Finally, you write: “The emperors clothes are frayed beyond recognition at this point.”

    What on earth do you mean?!?

  17. solrey says

    @ignoramus
    I see what you mean. Good advice, thanks.
    🙂

  18. Lawrence B. Crowell says

    The GLAST spacecraft, remaned Fermi and the PAMELA detector have detected an anomalous flux of positrons from the Milky Way center. This is in keeping with neutralino decay channels at the ~ TeV range in energy, or neutralino mass. So we may be gatting particle astrophysical data on CDM.

    Lawrence B. Crowell

  19. Jon Hanford says

    It s should also be pointed out that certain proposed forms of DM may not decay by annihilation with antiparticles but may decay in other ways (axions, for one come to mind). Also, most papers I’ve seen on DM annihilation focus on ‘leptonic’ decays for certain types of DM. Recently a paper posted at arXiv.org proposed a possible ‘hadronic’ decay mode with antideuterons being one of the decay products, along with positrons. The paper can be found here: http://arxiv.org/PS_cache/arxiv/pdf/0904/0904.1410v2.pdf . The authors do point out several observations that could be performed to test this theory, so, time may tell. At least the current crop of papers shows vigorous research being done in this field.

  20. Jon Hanford says

    Whoops, for positrons, read antiprotons. (Possible antiproton excesses have been observed, as well as positron excesses.)

  21. ShadowDancer says

    InvaderXan Says:

    I must admit, I have to join the skepticism here somewhat (which is atypical for me!). Surely if we can account for reionisation without needing a dark matter annhilation mechanism (and, to the best of my knowledge, we can) — then isn’t this theory in violation of Occam’s Razor…?

    *****
    Occam’s Razor doesn’t necessarily mean anything. If two competing theories for something have different amounts of assumptions, then generally it is true that the simplest theory is most likely correct. On the other hand, some of those assumptions in the theory with more assumptions could be correct and actually cause that theory to have fewer assumptions than the simpler one (in which case it probably has wrong assumptions). Occam’s Razor is a good place to start for which theory is likelier (assuming that everyone agrees on all of the assumptions) but it doesn’t necessarily mean that one theory is more correct than another. Many theories have become more complex as more knowledge has been learned about a particular subject which would violate Occam’s Razor if you left the new knowledge in the “assumption” category. Only time and further experimentation will decide which is correct.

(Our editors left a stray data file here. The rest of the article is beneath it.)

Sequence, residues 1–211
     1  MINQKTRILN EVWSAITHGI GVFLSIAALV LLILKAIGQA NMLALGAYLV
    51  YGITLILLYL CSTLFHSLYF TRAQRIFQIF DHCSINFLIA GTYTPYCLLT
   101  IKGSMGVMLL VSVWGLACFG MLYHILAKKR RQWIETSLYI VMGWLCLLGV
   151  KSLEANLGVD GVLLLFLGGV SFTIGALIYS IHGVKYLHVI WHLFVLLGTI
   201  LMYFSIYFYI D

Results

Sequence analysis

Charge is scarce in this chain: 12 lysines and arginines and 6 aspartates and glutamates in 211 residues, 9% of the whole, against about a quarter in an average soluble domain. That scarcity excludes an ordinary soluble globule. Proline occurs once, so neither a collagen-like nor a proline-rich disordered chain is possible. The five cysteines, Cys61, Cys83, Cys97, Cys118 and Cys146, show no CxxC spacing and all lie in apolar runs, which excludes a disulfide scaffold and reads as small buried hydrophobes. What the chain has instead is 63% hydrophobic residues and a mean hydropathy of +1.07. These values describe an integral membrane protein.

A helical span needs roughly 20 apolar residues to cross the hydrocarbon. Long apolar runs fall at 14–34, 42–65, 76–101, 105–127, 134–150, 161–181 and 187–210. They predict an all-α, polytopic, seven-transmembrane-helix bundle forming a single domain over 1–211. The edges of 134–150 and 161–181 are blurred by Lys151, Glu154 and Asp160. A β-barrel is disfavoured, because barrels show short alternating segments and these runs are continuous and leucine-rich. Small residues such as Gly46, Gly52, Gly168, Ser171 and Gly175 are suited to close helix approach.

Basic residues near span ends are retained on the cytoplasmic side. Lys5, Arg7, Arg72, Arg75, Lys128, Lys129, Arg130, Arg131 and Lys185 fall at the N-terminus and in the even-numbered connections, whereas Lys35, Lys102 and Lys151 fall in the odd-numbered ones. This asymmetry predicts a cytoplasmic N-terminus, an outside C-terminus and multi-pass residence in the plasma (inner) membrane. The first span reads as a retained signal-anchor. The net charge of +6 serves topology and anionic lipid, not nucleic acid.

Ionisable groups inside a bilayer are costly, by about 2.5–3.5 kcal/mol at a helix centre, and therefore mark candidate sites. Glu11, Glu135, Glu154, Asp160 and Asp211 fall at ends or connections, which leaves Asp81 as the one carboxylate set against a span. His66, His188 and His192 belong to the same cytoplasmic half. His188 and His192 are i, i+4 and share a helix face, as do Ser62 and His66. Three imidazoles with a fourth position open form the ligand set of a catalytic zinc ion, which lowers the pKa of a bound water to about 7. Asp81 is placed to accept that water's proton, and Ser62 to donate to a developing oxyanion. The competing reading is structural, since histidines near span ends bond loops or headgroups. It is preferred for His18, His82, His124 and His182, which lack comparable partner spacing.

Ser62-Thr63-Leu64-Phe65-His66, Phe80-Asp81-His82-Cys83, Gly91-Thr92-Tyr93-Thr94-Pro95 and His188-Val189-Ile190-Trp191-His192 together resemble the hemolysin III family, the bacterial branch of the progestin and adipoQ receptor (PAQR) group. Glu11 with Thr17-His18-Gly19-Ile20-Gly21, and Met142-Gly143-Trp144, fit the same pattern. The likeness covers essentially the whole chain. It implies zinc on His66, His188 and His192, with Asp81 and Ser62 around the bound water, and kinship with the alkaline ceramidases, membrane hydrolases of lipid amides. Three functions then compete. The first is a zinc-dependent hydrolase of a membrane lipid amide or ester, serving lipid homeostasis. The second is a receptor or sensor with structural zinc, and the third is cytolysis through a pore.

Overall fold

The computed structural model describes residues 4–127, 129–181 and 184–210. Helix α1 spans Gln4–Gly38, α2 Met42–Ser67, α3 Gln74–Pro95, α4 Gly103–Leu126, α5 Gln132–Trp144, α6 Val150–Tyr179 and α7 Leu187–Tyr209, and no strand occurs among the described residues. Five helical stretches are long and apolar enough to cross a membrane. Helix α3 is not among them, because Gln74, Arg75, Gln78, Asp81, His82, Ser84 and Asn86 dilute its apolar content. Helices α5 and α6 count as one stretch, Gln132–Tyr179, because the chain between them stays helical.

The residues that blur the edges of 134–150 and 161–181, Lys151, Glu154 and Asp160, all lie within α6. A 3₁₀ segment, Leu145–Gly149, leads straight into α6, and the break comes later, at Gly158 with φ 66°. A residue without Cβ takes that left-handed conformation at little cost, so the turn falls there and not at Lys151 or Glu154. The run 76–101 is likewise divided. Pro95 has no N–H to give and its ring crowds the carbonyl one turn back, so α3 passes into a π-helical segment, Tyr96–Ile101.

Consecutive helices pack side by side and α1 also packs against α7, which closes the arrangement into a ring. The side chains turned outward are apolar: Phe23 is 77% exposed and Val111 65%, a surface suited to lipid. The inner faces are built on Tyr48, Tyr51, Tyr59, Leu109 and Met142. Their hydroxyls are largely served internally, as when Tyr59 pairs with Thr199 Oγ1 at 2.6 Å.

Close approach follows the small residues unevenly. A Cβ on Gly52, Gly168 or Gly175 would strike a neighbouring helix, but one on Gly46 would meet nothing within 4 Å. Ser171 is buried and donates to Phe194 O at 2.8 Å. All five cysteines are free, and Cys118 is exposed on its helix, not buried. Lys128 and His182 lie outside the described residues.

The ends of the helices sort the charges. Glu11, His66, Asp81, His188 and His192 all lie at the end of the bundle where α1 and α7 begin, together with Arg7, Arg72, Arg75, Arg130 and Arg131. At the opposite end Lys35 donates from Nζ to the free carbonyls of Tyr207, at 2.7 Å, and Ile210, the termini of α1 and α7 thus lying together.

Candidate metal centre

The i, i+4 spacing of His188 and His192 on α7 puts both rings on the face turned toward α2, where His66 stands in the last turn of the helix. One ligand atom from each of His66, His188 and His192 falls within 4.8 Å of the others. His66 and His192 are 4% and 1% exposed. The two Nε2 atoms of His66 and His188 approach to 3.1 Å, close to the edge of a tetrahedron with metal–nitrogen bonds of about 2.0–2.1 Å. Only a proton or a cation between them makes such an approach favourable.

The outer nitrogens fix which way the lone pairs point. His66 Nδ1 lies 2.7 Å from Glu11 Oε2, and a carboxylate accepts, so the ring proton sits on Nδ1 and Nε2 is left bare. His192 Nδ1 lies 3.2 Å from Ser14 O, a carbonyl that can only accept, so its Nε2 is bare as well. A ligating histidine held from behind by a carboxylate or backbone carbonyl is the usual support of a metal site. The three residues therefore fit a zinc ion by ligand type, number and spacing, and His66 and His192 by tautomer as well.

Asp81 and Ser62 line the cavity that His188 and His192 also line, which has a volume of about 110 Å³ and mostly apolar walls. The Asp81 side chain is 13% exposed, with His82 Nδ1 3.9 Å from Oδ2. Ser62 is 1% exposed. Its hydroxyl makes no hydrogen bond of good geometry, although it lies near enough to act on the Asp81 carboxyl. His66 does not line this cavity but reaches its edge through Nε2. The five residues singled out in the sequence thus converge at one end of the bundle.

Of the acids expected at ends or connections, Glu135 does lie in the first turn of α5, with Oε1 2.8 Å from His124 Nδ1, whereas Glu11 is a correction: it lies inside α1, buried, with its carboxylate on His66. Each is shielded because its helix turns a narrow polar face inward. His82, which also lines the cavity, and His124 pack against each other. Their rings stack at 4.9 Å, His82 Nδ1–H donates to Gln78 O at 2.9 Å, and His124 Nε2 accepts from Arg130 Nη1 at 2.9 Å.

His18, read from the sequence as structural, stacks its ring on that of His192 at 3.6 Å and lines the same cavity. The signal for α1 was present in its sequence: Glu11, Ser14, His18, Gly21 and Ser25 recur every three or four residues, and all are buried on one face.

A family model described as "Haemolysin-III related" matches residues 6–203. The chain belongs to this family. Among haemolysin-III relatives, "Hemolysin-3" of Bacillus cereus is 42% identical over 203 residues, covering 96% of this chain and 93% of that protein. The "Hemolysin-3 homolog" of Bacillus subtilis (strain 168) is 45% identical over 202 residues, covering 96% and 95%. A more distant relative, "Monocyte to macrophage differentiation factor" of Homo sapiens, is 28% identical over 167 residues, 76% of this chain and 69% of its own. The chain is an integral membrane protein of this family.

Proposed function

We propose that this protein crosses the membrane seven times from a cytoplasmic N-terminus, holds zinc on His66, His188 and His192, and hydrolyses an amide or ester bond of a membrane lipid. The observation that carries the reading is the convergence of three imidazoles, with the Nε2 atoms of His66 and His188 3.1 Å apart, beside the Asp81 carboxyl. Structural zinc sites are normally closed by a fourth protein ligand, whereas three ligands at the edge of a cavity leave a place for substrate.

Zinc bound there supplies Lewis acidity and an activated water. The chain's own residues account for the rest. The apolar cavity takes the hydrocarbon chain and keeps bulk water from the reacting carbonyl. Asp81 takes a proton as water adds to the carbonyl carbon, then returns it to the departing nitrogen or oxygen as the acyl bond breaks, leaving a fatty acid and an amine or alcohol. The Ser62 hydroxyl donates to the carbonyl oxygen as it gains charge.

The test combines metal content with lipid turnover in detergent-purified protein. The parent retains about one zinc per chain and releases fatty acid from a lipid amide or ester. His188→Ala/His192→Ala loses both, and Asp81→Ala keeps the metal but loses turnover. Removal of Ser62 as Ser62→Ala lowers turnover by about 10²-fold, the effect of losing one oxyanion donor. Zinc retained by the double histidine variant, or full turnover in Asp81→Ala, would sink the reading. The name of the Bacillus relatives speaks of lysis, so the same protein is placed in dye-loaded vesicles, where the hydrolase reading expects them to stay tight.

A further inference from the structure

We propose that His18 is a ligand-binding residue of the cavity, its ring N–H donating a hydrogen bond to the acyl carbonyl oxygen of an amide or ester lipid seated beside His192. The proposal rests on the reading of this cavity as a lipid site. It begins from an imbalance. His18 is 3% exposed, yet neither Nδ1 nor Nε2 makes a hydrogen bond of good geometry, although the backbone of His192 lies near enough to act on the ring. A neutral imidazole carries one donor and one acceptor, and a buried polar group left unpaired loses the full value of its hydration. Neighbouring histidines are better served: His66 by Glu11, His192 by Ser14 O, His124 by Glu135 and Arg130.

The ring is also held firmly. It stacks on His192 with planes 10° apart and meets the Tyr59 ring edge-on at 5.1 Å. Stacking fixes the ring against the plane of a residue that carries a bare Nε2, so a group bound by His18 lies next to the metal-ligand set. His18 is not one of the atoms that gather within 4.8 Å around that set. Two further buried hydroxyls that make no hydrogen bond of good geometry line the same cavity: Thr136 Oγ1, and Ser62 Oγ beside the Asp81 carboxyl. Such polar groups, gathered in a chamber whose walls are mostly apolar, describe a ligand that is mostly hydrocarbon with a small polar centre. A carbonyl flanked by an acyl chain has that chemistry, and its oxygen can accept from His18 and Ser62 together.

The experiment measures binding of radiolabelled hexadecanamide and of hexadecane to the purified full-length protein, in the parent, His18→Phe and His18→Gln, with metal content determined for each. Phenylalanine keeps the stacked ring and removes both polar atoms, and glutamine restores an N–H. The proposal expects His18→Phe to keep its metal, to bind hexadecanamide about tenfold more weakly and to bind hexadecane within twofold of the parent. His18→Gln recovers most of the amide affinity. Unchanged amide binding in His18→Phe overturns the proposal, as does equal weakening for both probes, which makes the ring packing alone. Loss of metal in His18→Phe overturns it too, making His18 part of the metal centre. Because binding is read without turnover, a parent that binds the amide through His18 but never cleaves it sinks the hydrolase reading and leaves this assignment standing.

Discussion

22. Lawrence B. Crowell says

    The neutralino decay is a leptonic channel. I think the idea for hadronic decay is that the CP violating process in leptonic channels is compensated for by the axion. The axion has not been expeirmentally found, though its tiny mass makes it tough to find.

    It should be interesting to see how the DM problem works through in the near future.

  23. Jon Hanford says

    @ Lawrence B. Crowell: A different group of researchers posted their theoretical work on axions the same day as the previous paper. In “Axions as Dark Matter Particles” and described their ‘Axion Dark Matter eXperiment’ ADMX to look for axions. Their paper is here: http://arxiv.org/PS_cache/arxiv/pdf/0904/0904.3346v1.pdf . While the hunt for axions (or their absence) has been a long one, I think it illustrates just how science is done via theory and experimentation. “It should be interesting to see how the DM problem works through in the near future.” (btw, I’m hoping neutralinos pan out)

  24. Olaf says

    solrey Says:
    “There are so many contradictions in the standard model it’s ridiculous. One day it’s dark matter this, dark matter that. The next day it’s modifying gravity theory eliminating the need for dark matter all together. The emperors clothes are frayed beyond recognition at this point.”

    Yes so what? This is how science works, theories are created, and the get tested! If a theory fails in it’s test by other cross references using different techniques and means then it just gets disregarded and thrown in the bin.

    Sometimes we get conflicting theories so they will be tested both of them by independend researches and those that fails tests are bad. It could be perfectly possible that both theories are dead wrong!

    You can only test theories by throwing it to the lions (yes other science peorple) trying to schread it to peaces. If it gets schreadded then it did not pass a test. Most alternative theories just gets schredded in the first pass.

    The only reason why some alternative theories gets beeing popped up after beeing schreaded by scientists is because om some theories have become a real religion and some guru’s are trying to impress people with secret knowledge that now one knows so they get these brainless followers that have no clue in understanding what this guru means but it sounds impressive so it must be true.